Sunday, November 01, 2009

Definitive versions?

Today in the Observer Tim Adams reviews Beginners, the unexpurgated version of Raymond Carver's second story collection, published by Gordon Lish as What We Talk About When We Talk About Love. He finds the differences startling, but that the 'new' version is nevertheless 'an extraordinary book, more generous and rambling in tone than its distilled counterpart', more nuanced, yet 'still recognizably Carver's'.

Struck by the incongruity of that last thought - presumably that we should be looking for, and hoping for, what we think of as Carver's 'real' voice in his more original work - Adams muses most interestingly on the power and practice of editors:
Editing of Lish's kind is a dark art, but not so unusual. I used to work for a literary magazine, Granta, where the editor, Bill Buford, brought a Lish-style idea of editing to all the content. In some pieces, long stories of 10,000 words or more, not a sentence of the writer's original draft stood. Many writers were grateful for these interventions: they had never sounded so good. Some, of course, balked at the mauling. Carver's friend Richard Ford, for one, would always take Buford back through any story and painstakingly argue for the choice behind every word and comma until the original was restored exactly, not in every case better, but all his own.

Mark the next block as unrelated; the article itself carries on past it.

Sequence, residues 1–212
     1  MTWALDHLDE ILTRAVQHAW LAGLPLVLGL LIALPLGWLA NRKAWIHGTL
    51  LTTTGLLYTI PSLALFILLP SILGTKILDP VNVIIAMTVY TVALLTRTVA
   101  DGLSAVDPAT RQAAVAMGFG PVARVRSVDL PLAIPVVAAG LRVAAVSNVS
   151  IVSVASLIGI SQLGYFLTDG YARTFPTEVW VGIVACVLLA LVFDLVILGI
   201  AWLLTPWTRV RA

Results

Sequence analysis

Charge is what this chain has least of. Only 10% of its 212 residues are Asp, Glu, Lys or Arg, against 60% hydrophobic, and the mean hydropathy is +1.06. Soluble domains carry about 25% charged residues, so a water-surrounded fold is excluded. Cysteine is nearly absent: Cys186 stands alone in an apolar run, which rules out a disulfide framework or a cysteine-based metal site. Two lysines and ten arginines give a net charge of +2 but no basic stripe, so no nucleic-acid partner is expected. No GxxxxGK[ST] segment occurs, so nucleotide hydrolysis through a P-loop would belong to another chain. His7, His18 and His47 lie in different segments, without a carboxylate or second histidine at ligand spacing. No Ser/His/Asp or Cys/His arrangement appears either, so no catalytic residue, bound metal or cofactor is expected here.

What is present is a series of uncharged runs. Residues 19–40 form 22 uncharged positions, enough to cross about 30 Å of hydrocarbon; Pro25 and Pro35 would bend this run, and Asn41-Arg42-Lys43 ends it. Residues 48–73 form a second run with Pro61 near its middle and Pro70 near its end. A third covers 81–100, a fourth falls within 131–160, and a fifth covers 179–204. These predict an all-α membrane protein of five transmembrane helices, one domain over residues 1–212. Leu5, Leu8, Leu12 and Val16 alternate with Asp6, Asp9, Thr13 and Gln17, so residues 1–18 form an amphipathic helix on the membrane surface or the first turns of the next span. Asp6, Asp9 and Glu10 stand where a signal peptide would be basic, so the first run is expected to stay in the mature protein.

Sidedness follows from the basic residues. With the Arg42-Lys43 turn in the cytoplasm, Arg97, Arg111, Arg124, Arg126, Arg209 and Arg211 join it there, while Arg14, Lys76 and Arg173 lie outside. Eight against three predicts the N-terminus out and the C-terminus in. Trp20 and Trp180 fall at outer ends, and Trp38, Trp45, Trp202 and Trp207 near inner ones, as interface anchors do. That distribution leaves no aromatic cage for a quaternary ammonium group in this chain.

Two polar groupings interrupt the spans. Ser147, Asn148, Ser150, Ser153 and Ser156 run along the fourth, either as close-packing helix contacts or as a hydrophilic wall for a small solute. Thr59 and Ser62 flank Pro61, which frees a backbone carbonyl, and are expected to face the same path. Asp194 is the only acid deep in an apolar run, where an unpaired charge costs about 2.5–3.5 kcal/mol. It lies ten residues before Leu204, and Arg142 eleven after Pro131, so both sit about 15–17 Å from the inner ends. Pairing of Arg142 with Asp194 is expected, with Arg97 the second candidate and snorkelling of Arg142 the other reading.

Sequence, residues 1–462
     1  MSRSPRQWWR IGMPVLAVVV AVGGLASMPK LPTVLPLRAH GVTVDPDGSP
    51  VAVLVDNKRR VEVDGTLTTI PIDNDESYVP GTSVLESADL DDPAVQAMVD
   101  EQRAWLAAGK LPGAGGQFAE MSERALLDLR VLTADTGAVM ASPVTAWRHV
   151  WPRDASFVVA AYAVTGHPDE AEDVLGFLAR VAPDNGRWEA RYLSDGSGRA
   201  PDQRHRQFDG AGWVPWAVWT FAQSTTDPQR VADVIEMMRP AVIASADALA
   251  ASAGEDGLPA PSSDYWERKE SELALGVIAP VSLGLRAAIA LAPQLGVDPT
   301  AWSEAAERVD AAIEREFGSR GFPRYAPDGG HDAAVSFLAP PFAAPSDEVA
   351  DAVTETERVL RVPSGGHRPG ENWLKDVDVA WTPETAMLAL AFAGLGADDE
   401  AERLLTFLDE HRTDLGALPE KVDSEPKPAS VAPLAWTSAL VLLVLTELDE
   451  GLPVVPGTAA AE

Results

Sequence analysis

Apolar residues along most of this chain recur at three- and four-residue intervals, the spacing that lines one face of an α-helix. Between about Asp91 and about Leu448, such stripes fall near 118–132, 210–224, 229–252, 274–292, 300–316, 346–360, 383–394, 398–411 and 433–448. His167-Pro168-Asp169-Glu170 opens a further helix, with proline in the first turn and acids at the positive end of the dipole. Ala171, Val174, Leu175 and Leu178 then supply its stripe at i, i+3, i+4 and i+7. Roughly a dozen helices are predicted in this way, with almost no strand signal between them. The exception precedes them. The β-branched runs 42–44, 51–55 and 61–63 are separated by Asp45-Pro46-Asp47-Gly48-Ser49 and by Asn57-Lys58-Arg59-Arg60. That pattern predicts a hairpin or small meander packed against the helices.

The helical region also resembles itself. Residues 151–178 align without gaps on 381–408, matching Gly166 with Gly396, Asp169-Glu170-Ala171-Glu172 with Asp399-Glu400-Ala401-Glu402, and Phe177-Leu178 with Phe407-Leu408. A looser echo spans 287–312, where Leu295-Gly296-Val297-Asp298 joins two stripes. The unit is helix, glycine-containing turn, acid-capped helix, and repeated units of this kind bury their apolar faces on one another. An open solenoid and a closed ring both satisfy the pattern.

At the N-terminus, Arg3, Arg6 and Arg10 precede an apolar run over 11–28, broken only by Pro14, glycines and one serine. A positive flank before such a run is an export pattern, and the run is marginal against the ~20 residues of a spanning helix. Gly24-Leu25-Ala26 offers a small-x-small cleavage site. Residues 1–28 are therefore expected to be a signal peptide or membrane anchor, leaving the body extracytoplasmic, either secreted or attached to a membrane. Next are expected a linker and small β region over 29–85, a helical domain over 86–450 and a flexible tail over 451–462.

One does wonder if this still happens: the Booker judges this year complained at the apparent lack of editing. But you never know, really: as a once-editor myself, I know that it's perfectly possible to overlook the typos but still mess about with a writer's prose, and anyway I suspect that in general nowadays an obsession with the market promotes a cavalier attitude towards authors' intentions which allows for the former and leads to the latter.

The Carver-Lish debate and these Granta revelations focus on the issue of prose style. My experience with my first novel was to have to submit to a change of structure - simple but radical: chapter four was moved to the beginning - specifically designed to create a very different type of novel (as I indicated recently) which would appeal to a very different market. As a new young writer I felt I didn't have a leg to stand on in this matter, but I was never happy with the result, and later republished the book with its original structure restored. Adams predicts that the publication of Beginners will start a trend in this direction - 'the author's cut'.

(If anyone is interested, the revised edition of my first novel The Birth Machine - The Author's Cut, which includes a preface discussing the implications of the changes, is available on Amazon or direct from me via my profile along with a limited number of used copies of the original edition.)
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